What exactly are Non-Therapy Ancillaries, otherwise known as NTA’s?
In not so many words, NTA’s are a long list of diagnostic categories and clinical support services needed to care for those patients that may be more medically complex or demonstrate a higher acuity. NTA’s are calculated, upon admission, by assessing a patient’s clinical profile. During that discovery phase through their H&P, you may be able to obtain a NTA Comorbidity Score based on their comorbidities, use of specialized equipment, or certain medications/treatment approaches. This score would then be assigned a CMI value that would be multiplied by the NTA base rate that is assigned to your geographic area ($78.05 for urban settings and $74.56 for rural). Once you multiply your NTA Base Rate by your NTA comorbidity, you then multiply by three for the first three days of the stay. On day 4, that rate drops to 1/3 of that original value. The rationale for the varying per diem is that these types of patients require greater services and thus greater cost in the beginning part of their stay, or consequently result in a slightly longer stay. The increased rate for the first three days is CMS’ attempt at “rewarding” facilities who admit and treat these higher acuity individuals. Clever, right?
So let’s look at where post-acute providers are currently sitting across the nation. The following graph demonstrates the breakdown of NTA categories and where patients fall with the most recent data we have from CMS.
“NA” reflects a NTA score of 12+ and is the highest reimbursement. As you can see, data shows only 1% of beneficiaries would fall into this category. Or would they? Remember this is historical data that assumes no behavior changes. This is (quite possibly) without advanced coding capabilities, pre-transmission reviews, use of MDS scrubbers, and so on. So while we certainly won’t see majority of individuals falling into the NA category, we can certainly see more than 1% in the future. “NB” is the second highest reimbursed and that reflects a score of 9-11. You may have some individuals under your care right now that would fall into this category. Possibly someone with COPD (2), receiving IV meds (5), and has an active diagnosis of diabetes mellitus (2). Boom- 9 points. And it doesn’t sound so far-fetched, right?
With regards to that above example, and assuming for this exercise that you are in an urban setting, you would have the NTA base rate of $78.05 and then multiply that by CMI of 2.53 for our resident with a 9 NTA Comorbidity Score and then for the first 3 days we can multiply that payment by 3. That results in $592 dollars for the NTA component for the first three days. Thinking of that example- and knowing what you would receive for those 3 initial days- would you gladly accept the patient with the assumption it would well off-set the cost of the IV? Under current RUGs IV there are times where we may shy away from folks who have a laundry list of meds or services, but in the world of PDPM, it really is a strategy of assessing the clinical needs of the resident, managing the timeline and capturing the care that you are capable of delivering.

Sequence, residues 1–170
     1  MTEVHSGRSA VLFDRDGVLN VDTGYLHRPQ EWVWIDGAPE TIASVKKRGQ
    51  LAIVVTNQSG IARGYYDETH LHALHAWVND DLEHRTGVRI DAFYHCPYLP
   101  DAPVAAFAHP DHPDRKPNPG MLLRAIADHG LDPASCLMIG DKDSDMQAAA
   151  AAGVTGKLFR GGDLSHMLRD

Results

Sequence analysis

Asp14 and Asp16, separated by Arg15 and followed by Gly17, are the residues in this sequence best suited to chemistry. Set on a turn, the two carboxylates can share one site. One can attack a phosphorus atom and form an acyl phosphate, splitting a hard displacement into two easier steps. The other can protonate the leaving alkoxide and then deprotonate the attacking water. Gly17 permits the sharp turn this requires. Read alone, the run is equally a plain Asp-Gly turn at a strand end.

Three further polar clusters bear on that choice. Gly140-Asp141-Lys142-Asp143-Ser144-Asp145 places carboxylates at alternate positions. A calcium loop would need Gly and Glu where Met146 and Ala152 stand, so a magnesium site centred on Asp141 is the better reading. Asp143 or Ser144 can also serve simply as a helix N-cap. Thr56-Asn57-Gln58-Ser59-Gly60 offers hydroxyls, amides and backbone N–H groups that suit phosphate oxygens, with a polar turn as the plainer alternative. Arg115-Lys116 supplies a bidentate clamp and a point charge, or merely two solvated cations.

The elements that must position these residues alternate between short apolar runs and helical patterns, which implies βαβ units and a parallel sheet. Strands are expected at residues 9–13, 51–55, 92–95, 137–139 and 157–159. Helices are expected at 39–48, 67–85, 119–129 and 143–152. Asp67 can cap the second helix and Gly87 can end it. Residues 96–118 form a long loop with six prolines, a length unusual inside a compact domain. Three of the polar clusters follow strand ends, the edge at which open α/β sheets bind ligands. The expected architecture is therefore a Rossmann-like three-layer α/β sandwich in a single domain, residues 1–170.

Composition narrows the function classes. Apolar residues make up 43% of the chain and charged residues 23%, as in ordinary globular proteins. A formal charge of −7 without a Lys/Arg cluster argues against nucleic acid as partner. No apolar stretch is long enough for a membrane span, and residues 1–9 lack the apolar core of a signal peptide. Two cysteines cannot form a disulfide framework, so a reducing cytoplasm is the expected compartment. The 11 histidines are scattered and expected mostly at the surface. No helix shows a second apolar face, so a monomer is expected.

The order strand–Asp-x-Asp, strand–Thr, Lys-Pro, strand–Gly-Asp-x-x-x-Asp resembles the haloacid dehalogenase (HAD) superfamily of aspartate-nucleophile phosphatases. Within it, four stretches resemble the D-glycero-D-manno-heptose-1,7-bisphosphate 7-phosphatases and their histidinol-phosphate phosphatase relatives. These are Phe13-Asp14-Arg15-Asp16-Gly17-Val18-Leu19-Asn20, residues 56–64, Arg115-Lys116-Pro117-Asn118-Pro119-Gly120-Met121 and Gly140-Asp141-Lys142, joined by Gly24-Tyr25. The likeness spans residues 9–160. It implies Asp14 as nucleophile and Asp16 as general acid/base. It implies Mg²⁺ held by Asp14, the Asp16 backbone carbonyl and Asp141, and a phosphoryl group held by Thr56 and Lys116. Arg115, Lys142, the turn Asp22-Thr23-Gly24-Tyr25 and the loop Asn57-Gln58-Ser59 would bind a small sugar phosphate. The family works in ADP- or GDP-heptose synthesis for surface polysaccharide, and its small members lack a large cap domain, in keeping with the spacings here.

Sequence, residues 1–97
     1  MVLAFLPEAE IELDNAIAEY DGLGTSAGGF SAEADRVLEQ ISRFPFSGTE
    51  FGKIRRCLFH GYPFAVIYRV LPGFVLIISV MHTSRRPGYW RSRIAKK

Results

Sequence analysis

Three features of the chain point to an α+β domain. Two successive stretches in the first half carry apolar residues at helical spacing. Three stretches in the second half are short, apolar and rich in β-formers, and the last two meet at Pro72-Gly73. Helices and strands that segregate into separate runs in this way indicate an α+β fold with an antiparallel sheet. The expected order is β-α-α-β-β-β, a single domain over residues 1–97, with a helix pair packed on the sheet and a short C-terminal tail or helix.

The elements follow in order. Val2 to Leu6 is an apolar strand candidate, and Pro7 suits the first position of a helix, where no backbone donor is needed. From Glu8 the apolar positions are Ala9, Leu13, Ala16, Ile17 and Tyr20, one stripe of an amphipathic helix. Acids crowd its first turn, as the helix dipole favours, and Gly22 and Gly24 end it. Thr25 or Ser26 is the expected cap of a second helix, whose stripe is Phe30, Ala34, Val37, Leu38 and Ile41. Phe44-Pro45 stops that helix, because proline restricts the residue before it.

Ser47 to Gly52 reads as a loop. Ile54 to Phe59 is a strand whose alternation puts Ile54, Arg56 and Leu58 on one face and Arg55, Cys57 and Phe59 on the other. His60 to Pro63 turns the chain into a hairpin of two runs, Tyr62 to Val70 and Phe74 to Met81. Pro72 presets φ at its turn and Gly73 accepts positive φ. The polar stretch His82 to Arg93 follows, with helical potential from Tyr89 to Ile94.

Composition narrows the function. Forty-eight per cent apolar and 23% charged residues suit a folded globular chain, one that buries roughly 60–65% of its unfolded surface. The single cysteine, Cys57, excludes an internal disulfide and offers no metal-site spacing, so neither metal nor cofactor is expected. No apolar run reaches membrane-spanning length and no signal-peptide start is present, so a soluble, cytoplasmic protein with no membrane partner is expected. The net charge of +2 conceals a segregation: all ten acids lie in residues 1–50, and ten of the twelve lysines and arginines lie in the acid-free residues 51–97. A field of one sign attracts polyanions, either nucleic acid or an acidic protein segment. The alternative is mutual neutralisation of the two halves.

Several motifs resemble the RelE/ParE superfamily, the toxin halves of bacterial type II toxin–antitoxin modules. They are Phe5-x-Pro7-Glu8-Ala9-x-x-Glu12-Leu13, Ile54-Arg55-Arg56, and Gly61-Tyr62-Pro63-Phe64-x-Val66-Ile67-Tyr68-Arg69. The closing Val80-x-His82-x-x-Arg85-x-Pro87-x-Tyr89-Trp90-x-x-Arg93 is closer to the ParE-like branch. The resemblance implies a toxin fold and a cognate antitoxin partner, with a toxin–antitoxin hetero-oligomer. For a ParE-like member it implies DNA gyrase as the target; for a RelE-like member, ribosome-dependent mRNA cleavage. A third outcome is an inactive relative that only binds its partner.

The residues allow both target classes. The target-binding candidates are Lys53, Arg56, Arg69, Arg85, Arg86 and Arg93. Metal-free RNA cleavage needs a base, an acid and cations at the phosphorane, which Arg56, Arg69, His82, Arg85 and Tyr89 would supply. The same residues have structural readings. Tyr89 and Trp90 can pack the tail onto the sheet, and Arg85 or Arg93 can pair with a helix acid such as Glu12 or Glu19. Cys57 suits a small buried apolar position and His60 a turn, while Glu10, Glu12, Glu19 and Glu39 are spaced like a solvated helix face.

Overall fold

Not sure where to go next with this info? Here is what you should start doing today:
- Be aware and knowledgeable when it comes to what conditions can be captured as NTA items- familiarize yourself with the Grouper Tool (SNF PDPM Grouper Tool).
- Continue to improve communication and methods for handoff of pertinent patient information with discharging hospital so that you can accurately capture all appropriate NTA items and determine most effective approach/pathway to utilize with the incoming individual.
- Review processes related to timely and accurate diagnostic coding. Begin determining the WHO and the HOW.
- Educate medical directors on upcoming changes and impacts.
- Review national stats in comparison to facility stats to determine if a coding initiative is needed, or possibly identify specific conditions, which may align you with a niche market needed within your area.
- Identify the costs related to the care and management of these conditions to ensure effective and efficient resource utilization.
NTA’s will shape care delivery in the future- there is no doubt. Many facilities have already recognized this and have begun pouring over the list of items and strategizing specialty programs, additional education for clinical staff, competencies for care delivery, vetting out strong partners in way of physician groups or hospitals, etc. Remember- the only constant in healthcare is change, and this may be the catalyst that you have been waiting for to help spark the change needed in your organization. Now is your time to reassess programs, pathways, workflows, processes, etc. Use your time wisely over the next year to advance your staff’s clinical capabilities, increase your clinicians’ comfort levels with higher acuity residents, and empower your staff with the resources needed to be able to achieve the optimal outcomes your patients deserve.
Information based on Proposed Rule released by CMS on April 27, 2018.
Written by: Kristi Smith, MSPT, RAC-CT, Regional Vice President of New England
Kristi's #HigherCalling: "I support those who constantly put others' needs first. Watching the pride on our staffs' faces as they achieve optimal outcomes and goals with our residents is priceless."